'Documents to show Canada role in NSA spying'
Iran Press TV
Tue Nov 12, 2013 9:57AM GMT
Documents will be released outlining Canada's involvement in spying activities by the US National Security Agency (NSA), former Guardian journalist Glenn Greenwald has said.
"The documents are quite complex. There are a lot of them. There is enormous amounts of reporting to do in Canada, one of the most active surveillance agencies in the world, because of how closely they work with the NSA," Greenwald told the Canadian Broadcasting Corporation (CBC).
"There are many, many, many more significant documents about Canadian surveillance and partnership with the NSA that will be reported and, I think, will be quite enlightening for the people of Canada," he added.
The 46-years-old American journalist dismissed claims that publishing classified documents would put people's security at risk, saying that having a government system "in which people can exercise great power in the dark" is what puts them in danger.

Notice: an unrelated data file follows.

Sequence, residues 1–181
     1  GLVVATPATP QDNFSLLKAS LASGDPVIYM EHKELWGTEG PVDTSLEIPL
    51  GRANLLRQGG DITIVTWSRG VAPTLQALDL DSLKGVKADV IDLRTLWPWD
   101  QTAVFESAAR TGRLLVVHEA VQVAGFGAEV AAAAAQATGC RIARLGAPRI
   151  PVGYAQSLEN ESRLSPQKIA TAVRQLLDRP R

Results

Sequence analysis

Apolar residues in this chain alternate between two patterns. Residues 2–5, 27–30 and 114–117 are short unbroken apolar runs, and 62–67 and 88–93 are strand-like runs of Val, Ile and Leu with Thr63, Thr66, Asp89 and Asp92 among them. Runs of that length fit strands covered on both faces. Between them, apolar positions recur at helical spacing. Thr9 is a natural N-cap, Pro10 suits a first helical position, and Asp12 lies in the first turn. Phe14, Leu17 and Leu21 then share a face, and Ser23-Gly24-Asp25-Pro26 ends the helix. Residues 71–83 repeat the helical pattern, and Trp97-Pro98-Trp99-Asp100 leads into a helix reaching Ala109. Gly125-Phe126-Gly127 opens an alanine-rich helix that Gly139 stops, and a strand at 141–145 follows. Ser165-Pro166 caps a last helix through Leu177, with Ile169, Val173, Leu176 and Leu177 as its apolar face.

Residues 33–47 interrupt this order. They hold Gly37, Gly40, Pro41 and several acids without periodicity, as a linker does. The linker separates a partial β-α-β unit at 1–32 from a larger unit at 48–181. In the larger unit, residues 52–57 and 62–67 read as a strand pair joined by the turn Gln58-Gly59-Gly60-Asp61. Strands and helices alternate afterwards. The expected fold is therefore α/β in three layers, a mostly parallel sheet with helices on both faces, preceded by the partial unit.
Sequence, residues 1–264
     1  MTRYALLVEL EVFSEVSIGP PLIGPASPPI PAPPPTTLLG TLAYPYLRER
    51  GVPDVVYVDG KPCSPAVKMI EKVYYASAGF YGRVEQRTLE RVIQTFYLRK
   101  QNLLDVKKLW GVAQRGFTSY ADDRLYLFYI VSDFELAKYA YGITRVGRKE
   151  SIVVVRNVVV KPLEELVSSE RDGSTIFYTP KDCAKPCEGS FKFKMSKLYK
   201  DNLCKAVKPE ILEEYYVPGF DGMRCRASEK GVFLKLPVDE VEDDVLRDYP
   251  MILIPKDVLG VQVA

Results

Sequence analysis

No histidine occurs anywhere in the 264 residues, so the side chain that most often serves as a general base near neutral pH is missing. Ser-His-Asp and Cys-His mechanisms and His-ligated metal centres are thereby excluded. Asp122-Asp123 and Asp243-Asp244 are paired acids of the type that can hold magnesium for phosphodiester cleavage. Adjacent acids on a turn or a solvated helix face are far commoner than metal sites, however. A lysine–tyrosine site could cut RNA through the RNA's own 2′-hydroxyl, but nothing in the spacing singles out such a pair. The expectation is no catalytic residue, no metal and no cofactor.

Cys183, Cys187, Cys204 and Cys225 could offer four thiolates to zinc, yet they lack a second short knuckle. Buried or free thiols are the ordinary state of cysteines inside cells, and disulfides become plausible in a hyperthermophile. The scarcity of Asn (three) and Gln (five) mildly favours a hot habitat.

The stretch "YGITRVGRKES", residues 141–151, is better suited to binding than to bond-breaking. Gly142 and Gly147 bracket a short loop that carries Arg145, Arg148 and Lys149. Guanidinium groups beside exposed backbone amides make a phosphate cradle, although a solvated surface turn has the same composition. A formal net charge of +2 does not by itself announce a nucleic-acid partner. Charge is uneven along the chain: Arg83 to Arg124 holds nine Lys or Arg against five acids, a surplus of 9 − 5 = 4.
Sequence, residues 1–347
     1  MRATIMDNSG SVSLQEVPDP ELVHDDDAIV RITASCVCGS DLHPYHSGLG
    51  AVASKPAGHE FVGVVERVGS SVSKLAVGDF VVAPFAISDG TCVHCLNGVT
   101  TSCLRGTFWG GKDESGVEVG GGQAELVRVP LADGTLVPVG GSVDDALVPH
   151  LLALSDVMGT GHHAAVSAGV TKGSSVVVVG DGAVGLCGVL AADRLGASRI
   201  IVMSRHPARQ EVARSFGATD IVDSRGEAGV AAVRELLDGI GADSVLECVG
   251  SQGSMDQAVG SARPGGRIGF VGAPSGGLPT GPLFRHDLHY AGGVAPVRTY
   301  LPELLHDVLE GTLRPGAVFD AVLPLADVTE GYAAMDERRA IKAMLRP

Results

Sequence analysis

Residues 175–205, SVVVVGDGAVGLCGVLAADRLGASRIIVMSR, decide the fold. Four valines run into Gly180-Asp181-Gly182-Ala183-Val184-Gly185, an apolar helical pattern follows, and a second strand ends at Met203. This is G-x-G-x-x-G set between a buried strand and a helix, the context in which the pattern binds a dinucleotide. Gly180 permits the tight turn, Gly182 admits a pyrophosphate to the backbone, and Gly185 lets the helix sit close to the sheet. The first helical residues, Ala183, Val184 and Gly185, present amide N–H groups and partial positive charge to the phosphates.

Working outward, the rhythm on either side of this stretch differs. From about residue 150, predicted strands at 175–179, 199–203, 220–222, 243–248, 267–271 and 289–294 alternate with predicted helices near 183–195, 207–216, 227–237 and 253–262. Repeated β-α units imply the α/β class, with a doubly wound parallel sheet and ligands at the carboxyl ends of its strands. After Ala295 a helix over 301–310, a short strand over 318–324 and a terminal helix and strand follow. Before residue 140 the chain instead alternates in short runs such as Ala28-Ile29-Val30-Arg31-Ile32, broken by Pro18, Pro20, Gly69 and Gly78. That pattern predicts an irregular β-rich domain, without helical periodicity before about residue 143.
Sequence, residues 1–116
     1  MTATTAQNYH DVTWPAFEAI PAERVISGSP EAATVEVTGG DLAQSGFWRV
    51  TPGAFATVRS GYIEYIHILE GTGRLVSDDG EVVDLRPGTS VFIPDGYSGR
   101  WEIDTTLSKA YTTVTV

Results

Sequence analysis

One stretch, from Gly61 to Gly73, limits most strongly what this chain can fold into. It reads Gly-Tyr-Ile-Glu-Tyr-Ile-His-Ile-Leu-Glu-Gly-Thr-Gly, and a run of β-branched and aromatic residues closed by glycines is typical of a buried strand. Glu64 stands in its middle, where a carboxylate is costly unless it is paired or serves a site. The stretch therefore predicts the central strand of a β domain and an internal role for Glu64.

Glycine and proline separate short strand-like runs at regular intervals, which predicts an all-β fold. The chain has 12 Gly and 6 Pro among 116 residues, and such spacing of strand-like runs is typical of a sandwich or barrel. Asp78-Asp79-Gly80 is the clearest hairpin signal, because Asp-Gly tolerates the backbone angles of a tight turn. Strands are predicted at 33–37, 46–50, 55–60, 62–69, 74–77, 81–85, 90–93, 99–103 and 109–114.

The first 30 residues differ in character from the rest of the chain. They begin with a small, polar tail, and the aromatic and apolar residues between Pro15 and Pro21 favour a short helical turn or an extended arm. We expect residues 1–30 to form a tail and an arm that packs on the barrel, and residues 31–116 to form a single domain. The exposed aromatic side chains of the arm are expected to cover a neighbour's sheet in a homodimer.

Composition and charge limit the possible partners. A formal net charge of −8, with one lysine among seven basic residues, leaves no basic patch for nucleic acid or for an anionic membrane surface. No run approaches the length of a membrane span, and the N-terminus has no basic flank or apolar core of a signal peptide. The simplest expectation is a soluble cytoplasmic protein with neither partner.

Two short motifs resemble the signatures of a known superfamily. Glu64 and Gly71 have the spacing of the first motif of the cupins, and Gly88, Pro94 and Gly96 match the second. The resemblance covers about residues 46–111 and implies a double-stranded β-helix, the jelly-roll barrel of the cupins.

Greenwald said secret surveillance programs by the US NSA and Britain's eavesdropping agency GCHQ, and perhaps their Canadian counterpart have been directed on innocent people, not the terrorists and that is the reason they should be informed.
"Terrorists have long ago known that the U.S. and U.K. governments do everything possible to monitor their communications," he added.
British government agents forced The Guardian, which was at the center of revelations based on US whistleblower Edward Snowden's leaks, to destroy an unspecified number of its hard drives to get rid of the information Earlier in August.
According to Greenwald, the move showed how desperate the government was to suppress the information.
Last month, former head of the Communications Security Establishment of Canada (CSEC) John Adams admitted the agency has deliberately hidden information from the Canadian public about its operations for decades.
According to Adams, about 900 of the roughly 2,000 CSEC employees are involved in spying operations, both gathering intelligence and analyzing it.
Leaked documents by Snowden revealed previously that Canadian intelligence targeted Brazil's Mining and Energy Ministry.
According to the papers, Canadian Security Intelligence Service made a detailed outline of the Brazilian ministry's communications including phone calls, emails, and internet traffic.
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